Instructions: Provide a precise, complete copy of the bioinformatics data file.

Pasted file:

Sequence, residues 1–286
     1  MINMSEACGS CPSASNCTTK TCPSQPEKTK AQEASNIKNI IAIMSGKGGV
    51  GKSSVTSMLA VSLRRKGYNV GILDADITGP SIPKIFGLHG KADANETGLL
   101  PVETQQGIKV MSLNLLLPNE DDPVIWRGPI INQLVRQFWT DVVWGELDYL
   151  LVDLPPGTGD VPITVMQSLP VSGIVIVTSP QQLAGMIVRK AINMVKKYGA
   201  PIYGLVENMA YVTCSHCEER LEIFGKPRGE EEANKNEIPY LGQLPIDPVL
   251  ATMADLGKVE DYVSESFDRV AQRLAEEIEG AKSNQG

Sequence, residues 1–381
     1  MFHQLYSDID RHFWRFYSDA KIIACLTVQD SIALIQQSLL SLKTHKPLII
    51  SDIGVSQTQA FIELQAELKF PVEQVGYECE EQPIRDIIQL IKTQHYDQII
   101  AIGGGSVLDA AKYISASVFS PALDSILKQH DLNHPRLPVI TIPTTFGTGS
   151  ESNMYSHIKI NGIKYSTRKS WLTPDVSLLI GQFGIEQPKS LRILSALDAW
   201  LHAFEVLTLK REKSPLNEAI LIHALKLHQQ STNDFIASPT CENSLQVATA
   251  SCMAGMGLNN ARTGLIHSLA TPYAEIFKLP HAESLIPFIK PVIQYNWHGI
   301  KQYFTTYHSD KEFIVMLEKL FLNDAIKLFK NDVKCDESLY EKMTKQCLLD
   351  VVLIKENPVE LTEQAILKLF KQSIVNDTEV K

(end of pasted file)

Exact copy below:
Sequence, residues 1–286
     1  MINMSEACGS CPSASNCTTK TCPSQPEKTK AQEASNIKNI IAIMSGKGGV
    51  GKSSVTSMLA VSLRRKGYNV GILDADITGP SIPKIFGLHG KADANETGLL
   101  PVETQQGIKV MSLNLLLPNE DDPVIWRGPI INQLVRQFWT DVVWGELDYL
   151  LVDLPPGTGD VPITVMQSLP VSGIVIVTSP QQLAGMIVRK AINMVKKYGA
   201  PIYGLVENMA YVTCSHCEER LEIFGKPRGE EEANKNEIPY LGQLPIDPVL
   251  ATMADLGKVE DYVSESFDRV AQRLAEEIEG AKSNQG

Sequence, residues 1–381
     1  MFHQLYSDID RHFWRFYSDA KIIACLTVQD SIALIQQSLL SLKTHKPLII
    51  SDIGVSQTQA FIELQAELKF PVEQVGYECE EQPIRDIIQL IKTQHYDQII
   101  AIGGGSVLDA AKYISASVFS PALDSILKQH DLNHPRLPVI TIPTTFGTGS
   151  ESNMYSHIKI NGIKYSTRKS WLTPDVSLLI GQFGIEQPKS LRILSALDAW
   201  LHAFEVLTLK REKSPLNEAI LIHALKLHQQ STNDFIASPT CENSLQVATA
   251  SCMAGMGLNN ARTGLIHSLA TPYAEIFKLP HAESLIPFIK PVIQYNWHGI
   301  KQYFTTYHSD KEFIVMLEKL FLNDAIKLFK NDVKCDESLY EKMTKQCLLD
   351  VVLIKENPVE LTEQAILKLF KQSIVNDTEV K